• H02J13/0017Circuit arrangements for providing remote indication of network conditions, e.g. an instantaneous record of the open or closed condition of each circuitbreaker in the network; Circuit arrangements for providing remote control of switching means in a power distribution network, e.g. switching in and out of current consumers by using a pulse code signal carried by the network for single frequency AC networks characterised by transmission structure between the control or monitoring unit and the controlled or monitored unit with direct transmission between the control or monitoring unit and the controlled or monitored unit
    • H02J13/0075Circuit arrangements for providing remote indication of network conditions, e.g. an instantaneous record of the open or closed condition of each circuitbreaker in the network; Circuit arrangements for providing remote control of switching means in a power distribution network, e.g. switching in and out of current consumers by using a pulse code signal carried by the network for single frequency AC networks characterised by transmission structure between the control or monitoring unit and the controlled or monitored unit with direct transmission between the control or monitoring unit and the controlled or monitored unit using radio means
    • HELECTRICITY
    • H02GENERATION; CONVERSION OR DISTRIBUTION OF ELECTRIC POWER
    • H02JCIRCUIT ARRANGEMENTS OR SYSTEMS FOR SUPPLYING OR DISTRIBUTING ELECTRIC POWER; SYSTEMS FOR STORING ELECTRIC ENERGY
    • H02J3/00Circuit arrangements for ac mains or ac distribution networks
    • H02J3/12Circuit arrangements for ac mains or ac distribution networks for adjusting voltage in ac networks by changing a characteristic of the network load
    • H02J3/14Circuit arrangements for ac mains or ac distribution networks for adjusting voltage in ac networks by changing a characteristic of the network load by switching loads on to, or off from, network, e.g. progressively balanced loading
    • GPHYSICS
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    • H02J2310/14
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    • Y02TECHNOLOGIES OR APPLICATIONS FOR MITIGATION OR ADAPTATION AGAINST CLIMATE CHANGE
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    • Y02B70/30Systems integrating technologies related to power network operation and communication or information technologies for improving the carbon footprint of the management of residential or tertiary loads, i.e. smart grids as climate change mitigation technology in the buildings sector, including also the last stages of power distribution and the control, monitoring or operating management systems at local level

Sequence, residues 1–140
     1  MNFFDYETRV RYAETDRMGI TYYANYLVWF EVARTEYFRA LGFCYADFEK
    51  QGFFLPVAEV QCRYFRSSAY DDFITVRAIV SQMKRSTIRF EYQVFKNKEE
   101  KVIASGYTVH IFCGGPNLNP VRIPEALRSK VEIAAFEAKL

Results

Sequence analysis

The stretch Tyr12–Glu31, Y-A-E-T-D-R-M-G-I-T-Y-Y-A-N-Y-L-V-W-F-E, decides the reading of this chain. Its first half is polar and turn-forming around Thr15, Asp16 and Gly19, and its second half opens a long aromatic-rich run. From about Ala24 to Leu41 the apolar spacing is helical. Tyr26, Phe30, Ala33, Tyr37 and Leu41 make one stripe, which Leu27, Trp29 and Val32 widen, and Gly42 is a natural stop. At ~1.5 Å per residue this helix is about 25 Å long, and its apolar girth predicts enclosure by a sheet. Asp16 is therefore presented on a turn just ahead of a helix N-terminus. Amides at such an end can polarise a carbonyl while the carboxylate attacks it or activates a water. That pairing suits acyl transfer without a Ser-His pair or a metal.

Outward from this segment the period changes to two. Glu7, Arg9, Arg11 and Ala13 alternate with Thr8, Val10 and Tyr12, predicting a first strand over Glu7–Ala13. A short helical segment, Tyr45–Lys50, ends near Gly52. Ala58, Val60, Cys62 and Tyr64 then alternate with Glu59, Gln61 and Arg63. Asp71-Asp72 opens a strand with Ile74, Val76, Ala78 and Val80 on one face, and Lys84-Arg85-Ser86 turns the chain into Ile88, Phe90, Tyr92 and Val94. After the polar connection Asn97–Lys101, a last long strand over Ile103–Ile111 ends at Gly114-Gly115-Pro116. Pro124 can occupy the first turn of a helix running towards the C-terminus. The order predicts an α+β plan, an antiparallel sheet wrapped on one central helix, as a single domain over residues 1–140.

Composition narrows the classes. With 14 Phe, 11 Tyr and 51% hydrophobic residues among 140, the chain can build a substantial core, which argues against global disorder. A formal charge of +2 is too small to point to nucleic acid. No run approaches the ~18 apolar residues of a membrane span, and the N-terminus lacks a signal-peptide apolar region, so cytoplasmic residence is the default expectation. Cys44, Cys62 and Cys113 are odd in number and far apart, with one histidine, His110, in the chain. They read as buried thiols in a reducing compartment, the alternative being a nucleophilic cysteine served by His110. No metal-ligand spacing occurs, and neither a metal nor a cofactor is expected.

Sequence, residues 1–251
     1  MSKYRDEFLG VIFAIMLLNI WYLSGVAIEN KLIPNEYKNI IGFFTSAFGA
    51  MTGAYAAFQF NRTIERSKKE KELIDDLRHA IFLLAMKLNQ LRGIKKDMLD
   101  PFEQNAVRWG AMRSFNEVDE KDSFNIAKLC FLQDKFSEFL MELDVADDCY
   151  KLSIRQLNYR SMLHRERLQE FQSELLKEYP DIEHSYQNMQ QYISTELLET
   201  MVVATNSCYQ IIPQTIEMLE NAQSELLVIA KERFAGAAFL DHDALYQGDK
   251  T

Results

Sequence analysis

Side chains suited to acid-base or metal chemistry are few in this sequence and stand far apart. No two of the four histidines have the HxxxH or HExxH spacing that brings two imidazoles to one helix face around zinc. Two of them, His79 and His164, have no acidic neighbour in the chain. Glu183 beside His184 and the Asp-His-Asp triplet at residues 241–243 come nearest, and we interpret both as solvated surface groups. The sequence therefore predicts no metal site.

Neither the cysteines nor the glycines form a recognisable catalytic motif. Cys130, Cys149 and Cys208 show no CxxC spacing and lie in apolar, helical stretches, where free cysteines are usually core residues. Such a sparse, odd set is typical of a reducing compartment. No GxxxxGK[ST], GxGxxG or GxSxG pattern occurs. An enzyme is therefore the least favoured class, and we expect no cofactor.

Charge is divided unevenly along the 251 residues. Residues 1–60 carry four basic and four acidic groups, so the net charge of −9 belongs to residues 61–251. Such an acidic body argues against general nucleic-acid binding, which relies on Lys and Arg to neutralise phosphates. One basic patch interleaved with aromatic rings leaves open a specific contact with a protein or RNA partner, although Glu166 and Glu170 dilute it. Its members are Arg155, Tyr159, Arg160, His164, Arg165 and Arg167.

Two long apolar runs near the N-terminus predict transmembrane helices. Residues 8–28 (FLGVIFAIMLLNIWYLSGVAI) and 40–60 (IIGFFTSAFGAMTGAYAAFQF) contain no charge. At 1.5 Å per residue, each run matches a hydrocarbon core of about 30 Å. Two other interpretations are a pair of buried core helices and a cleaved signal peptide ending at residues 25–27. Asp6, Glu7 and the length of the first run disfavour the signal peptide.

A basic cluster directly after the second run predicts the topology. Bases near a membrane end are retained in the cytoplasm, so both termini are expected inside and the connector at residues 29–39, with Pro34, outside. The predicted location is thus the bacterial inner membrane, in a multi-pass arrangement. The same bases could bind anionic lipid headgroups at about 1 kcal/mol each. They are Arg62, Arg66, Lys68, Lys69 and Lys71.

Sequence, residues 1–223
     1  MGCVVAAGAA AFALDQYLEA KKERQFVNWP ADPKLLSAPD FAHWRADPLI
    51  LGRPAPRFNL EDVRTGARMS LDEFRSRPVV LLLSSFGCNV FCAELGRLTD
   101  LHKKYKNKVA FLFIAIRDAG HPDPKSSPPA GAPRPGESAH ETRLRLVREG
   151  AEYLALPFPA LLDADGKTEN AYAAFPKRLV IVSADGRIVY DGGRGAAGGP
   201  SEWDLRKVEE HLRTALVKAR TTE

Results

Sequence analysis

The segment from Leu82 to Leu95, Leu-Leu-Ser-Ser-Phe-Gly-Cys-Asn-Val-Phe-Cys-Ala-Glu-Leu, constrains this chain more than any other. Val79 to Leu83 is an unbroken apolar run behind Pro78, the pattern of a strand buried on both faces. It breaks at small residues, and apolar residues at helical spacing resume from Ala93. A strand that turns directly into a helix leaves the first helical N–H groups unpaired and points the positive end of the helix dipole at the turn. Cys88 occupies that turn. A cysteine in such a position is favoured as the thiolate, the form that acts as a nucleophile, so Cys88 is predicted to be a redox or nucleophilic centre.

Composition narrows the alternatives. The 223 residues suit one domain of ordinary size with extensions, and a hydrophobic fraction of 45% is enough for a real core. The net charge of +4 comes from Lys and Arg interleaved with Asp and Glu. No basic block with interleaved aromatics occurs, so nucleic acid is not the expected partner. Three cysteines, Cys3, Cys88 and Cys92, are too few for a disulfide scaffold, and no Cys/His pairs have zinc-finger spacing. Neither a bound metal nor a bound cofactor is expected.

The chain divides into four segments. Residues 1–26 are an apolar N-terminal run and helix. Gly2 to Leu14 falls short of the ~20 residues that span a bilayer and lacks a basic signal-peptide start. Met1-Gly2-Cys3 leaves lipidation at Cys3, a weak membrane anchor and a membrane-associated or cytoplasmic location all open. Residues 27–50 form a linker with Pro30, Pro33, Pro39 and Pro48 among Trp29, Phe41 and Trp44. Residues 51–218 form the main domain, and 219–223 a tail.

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    • Y02TECHNOLOGIES OR APPLICATIONS FOR MITIGATION OR ADAPTATION AGAINST CLIMATE CHANGE
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Abstract

Exemplary embodiments of the computerized management system for controlling energy consumption for energy consumers using a smart meter may include a database that contains contract provisions for energy consumers. Furthermore, exemplary embodiments of the system include a database interface adapted to allow the system to access the contract provisions to optimize energy consumption based upon available energy. The system may also include a managing data component that is adapted to manage data between the database and the smart meter. In exemplary embodiments, a communication network connecting the system to the database and the smart meter may be included. Additionally, some exemplary embodiments of the system include a protocol converting component that is adapted to act as an interface for application programming or protocol converting.

Description

CROSS-REFERENCE TO RELATED APPLICATIONS

This application is a non-provisional of U.S. provisional patent application 61/027,272, filed Feb. 8, 2008, which is incorporated by reference as if fully recited herein.

INVENTIVE FIELD

Exemplary embodiments of the present invention are directed to an energy efficiency management system and method. More particularly, exemplary embodiments of the present invention are directed to an energy efficiency management system and method that controls energy consumption for energy consumers that use an energy management device capable of controlling the flow of energy based on commands.